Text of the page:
Costing Model


Key Considerations

1.    Full Cost Recovery

To cover the full costs of delivering the service ensuring no element of subsidy from local taxpayers.

×          This is the Council’s default charging method;

×          Charges should recover the full costs, including overheads, capital charges and recharges;

2.    Cost Plus

To cover the full costs of delivering the service plus a margin to contribute to re-investment in services.

×          In limited circumstances it may be appropriate to add a margin to full cost recovery, for example to contribute to re-investment in services where the income will not generate a surplus or profit against the service in totality. Guidance from Finance should be obtained before considering such charges

3.    Subsidised


To cover all or part of the costs of service delivery with support from local taxpayers.


×          The level of subsidy should have regard to the full cost of service delivery and there should be a clear and agreed rationale for subsidy


5.2       Fees and Charges should be benchmarked against other local authorities to help identify potential best practice. When appropriate to the Fee and Charge in question, benchmarking against other relevant competitors in the market should also be undertaken.

5.3       Each Directorate is responsible for ensuring that their Fees and Charges are appropriately monitored and up to date. Each Directorate’s list of Fees and Charges is to be overseen by the Directorate’s lead Finance Business Partner.

5.4       Annual reviews should consider the following factors:

·         Inflationary pressures, and when a flat rate uplift might not be the most appropriate option due to specific changes to the cost-of-service delivery;

·         Service-level budget targets, with the context of council-wide targets and advice from lead Finance Business Partners;

·         Cost of administration;

·         Scope for new charging areas, this might be entirely new discretionary service to deliver, or existing services that are currently not charged for;

·         Demand/volume and sensitivity to price changes;

·         Use stakeholder engagement and comparative data, where appropriate, to ensure that charges do not adversely affect the take up of services or restrict access to services (other than where this is a desirable outcome).

5.5       If a decision is taken to not increase some fees and charges the budget shortfall that this creates will need to be bridged through other operational and cost savings. Conversely, if charges are increased above inflation this can contribute to Directorate savings targets.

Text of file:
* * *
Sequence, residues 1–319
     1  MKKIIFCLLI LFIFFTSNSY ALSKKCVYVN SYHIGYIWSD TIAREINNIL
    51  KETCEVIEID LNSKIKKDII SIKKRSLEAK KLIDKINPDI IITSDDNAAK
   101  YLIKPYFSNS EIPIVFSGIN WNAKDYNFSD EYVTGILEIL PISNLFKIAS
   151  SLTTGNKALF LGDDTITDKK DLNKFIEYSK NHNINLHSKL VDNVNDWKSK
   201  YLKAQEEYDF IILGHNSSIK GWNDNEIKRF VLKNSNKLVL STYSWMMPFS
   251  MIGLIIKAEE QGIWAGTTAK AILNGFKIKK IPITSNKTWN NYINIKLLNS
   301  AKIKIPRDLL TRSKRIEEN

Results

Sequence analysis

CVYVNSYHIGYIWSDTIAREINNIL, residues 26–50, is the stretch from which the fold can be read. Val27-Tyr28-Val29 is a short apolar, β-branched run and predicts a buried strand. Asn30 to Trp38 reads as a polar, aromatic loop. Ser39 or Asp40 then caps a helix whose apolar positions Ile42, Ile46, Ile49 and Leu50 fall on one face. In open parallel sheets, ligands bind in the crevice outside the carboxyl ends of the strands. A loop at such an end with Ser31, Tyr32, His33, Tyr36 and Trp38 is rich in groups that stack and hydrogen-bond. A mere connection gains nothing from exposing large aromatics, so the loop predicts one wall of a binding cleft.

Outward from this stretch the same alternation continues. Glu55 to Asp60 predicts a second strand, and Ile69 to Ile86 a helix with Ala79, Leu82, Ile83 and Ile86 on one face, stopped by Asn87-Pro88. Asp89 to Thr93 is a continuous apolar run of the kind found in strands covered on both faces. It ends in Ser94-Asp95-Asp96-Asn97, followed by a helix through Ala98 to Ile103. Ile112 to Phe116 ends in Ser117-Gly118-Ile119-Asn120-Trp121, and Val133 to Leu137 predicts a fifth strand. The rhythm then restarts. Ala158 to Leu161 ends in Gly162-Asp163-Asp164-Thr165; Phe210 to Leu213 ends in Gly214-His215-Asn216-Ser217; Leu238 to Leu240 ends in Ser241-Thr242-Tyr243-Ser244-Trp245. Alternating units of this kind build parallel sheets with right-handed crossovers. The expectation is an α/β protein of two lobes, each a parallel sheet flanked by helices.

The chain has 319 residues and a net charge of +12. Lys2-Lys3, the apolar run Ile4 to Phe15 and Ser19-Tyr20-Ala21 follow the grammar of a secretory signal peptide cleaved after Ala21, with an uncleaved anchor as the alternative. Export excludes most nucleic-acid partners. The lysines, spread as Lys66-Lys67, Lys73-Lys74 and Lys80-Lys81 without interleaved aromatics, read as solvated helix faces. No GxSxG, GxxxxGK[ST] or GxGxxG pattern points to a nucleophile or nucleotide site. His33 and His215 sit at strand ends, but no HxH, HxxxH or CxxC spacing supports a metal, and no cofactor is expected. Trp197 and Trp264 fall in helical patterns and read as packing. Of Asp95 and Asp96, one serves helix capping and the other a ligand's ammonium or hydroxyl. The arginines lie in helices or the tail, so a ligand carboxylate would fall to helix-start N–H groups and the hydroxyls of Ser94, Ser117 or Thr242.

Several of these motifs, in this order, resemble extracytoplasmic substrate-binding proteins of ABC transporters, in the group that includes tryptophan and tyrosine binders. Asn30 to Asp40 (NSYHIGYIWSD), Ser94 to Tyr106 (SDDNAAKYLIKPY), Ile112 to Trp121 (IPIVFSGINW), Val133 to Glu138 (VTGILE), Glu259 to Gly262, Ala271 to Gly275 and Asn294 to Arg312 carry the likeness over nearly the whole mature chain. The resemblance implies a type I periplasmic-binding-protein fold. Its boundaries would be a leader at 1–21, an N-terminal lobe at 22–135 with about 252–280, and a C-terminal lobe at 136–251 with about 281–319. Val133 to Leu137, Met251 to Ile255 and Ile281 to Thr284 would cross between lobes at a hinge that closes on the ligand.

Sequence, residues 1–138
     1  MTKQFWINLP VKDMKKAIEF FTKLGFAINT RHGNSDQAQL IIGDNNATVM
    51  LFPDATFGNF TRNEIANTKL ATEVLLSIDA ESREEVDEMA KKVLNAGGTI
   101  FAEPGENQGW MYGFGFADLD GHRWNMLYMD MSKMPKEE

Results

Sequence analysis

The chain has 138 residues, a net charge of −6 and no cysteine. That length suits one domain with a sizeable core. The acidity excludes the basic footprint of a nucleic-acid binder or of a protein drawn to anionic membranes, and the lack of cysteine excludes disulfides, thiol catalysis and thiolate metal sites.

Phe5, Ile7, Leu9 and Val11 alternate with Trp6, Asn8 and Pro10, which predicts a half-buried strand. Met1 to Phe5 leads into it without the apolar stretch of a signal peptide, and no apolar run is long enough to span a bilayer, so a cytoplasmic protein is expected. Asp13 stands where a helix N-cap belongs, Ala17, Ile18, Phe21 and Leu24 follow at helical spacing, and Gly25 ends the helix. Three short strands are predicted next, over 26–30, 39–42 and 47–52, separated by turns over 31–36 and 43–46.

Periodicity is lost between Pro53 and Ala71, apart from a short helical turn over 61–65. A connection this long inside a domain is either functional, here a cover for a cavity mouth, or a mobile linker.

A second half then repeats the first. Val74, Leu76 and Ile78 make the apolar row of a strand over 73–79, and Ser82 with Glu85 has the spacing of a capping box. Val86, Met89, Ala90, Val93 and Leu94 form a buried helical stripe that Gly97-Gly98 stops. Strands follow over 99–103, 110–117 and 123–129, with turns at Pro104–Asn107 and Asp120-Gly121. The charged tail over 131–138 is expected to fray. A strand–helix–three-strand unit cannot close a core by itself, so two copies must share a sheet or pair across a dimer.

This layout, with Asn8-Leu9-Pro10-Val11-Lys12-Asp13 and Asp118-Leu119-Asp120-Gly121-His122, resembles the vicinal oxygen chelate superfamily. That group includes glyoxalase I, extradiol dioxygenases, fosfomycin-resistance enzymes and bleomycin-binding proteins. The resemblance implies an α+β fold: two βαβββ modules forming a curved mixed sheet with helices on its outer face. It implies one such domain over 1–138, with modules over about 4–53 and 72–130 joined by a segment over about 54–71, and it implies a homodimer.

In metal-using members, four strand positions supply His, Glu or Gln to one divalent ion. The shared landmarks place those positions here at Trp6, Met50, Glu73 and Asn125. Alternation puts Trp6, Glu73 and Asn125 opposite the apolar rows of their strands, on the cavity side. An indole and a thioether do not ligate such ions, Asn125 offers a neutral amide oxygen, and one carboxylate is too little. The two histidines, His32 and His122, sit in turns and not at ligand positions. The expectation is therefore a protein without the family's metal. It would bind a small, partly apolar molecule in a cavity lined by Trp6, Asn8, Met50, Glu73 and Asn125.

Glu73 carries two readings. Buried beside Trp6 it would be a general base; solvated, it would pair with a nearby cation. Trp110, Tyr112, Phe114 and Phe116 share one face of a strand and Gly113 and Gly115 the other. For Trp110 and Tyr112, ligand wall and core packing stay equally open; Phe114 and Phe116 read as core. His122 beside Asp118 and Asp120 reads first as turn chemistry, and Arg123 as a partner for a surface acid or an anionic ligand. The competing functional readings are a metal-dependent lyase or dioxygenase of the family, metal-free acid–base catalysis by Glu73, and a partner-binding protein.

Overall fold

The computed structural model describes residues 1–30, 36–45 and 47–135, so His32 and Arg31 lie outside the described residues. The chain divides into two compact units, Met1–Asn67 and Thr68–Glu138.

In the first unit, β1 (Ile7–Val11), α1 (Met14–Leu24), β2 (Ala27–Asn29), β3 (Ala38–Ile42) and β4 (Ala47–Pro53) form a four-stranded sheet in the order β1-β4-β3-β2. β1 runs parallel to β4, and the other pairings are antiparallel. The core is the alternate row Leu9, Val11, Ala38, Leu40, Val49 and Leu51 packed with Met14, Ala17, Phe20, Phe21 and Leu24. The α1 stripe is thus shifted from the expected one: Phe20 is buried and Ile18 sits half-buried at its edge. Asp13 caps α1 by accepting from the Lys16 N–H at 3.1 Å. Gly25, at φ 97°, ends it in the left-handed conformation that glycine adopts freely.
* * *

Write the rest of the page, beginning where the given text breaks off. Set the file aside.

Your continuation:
5.6       Service users should be given a reasonable period of notice before the introduction of new or increased charges and there may be a requirement to consult.

5.7       To ensure cost effectiveness and efficiency when setting and amending charging levels, the following are to be considered:

·         The desirability of increasing the Council’s market share e.g., temporarily reducing a fee or charge in order to stimulate demand for a service, leading to increased income generation;

·         Obstacles to maximising full cost recover when providing the service;

·         Future investment required to improve or maintain the service;

·         If full cost recovery would require a sudden and large uplift and may reduce market share, it may be prudent to phase-in that price rise over a longer period with a temporary agreed discount;

·         The desirability of reducing the uptake of a given service, i.e., raising charges during peak times.

5.8       Once the review of existing fees and charges has been completed, or any proposal for a new fee or charge has been developed, these will need to pass through each Directorate’s agreed approval process before implementation.

5.9       Further guidance is available as part of the Fees and Charges Calculation Tool.

6.0       Regularity of Review

6.1       The Policy is to be reviewed every four years as a minimum and any required amendments will be subject to approval of the Executive.